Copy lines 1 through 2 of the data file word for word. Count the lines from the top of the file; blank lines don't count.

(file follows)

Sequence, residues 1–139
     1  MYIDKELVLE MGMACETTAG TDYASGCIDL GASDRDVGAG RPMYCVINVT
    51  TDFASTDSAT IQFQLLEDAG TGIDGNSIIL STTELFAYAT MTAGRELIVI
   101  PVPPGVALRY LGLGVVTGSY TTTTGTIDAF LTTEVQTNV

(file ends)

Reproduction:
Sequence, residues 1–139
     1  MYIDKELVLE MGMACETTAG TDYASGCIDL GASDRDVGAG RPMYCVINVT